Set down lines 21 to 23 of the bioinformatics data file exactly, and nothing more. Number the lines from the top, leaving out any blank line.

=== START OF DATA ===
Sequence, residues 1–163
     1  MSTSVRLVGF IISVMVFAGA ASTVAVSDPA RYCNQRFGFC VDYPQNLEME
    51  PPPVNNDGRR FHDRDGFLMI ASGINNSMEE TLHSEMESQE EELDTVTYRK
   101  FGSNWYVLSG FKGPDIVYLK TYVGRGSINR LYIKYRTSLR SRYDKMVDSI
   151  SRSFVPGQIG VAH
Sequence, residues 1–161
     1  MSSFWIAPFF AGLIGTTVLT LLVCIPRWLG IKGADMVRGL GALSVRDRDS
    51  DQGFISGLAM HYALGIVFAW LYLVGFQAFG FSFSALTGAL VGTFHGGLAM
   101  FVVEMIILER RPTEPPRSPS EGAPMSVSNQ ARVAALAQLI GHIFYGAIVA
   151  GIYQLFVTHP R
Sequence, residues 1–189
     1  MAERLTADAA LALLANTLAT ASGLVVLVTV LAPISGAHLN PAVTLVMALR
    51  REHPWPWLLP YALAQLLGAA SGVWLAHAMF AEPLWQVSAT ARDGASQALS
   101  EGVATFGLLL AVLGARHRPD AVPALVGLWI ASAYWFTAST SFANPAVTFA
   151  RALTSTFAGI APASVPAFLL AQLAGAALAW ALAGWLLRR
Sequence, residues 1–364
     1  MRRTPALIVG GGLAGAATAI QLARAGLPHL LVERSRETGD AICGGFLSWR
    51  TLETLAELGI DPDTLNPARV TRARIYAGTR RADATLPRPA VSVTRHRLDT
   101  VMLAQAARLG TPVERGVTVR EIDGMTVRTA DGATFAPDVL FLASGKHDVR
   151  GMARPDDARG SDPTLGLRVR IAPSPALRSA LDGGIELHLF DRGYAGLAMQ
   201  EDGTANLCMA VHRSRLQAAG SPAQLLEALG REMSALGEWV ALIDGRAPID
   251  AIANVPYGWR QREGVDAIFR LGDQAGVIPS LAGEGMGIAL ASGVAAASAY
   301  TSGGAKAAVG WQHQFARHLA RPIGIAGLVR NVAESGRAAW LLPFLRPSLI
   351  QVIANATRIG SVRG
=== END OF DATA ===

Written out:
   201  EDGTANLCMA VHRSRLQAAG SPAQLLEALG REMSALGEWV ALIDGRAPID
   251  AIANVPYGWR QREGVDAIFR LGDQAGVIPS LAGEGMGIAL ASGVAAASAY
   301  TSGGAKAAVG WQHQFARHLA RPIGIAGLVR NVAESGRAAW LLPFLRPSLI